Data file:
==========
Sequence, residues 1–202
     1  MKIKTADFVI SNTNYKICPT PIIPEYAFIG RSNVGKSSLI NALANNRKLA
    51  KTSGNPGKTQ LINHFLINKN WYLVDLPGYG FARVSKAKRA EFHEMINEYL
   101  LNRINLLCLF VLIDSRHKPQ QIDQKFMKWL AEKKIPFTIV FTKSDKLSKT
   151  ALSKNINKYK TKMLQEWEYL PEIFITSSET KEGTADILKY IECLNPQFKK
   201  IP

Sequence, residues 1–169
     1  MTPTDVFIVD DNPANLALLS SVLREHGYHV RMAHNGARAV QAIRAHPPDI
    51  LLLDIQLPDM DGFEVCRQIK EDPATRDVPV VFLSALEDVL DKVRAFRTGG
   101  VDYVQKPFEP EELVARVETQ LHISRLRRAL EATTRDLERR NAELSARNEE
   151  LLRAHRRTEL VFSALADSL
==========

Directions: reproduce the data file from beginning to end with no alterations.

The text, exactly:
Sequence, residues 1–202
     1  MKIKTADFVI SNTNYKICPT PIIPEYAFIG RSNVGKSSLI NALANNRKLA
    51  KTSGNPGKTQ LINHFLINKN WYLVDLPGYG FARVSKAKRA EFHEMINEYL
   101  LNRINLLCLF VLIDSRHKPQ QIDQKFMKWL AEKKIPFTIV FTKSDKLSKT
   151  ALSKNINKYK TKMLQEWEYL PEIFITSSET KEGTADILKY IECLNPQFKK
   201  IP

Sequence, residues 1–169
     1  MTPTDVFIVD DNPANLALLS SVLREHGYHV RMAHNGARAV QAIRAHPPDI
    51  LLLDIQLPDM DGFEVCRQIK EDPATRDVPV VFLSALEDVL DKVRAFRTGG
   101  VDYVQKPFEP EELVARVETQ LHISRLRRAL EATTRDLERR NAELSARNEE
   151  LLRAHRRTEL VFSALADSL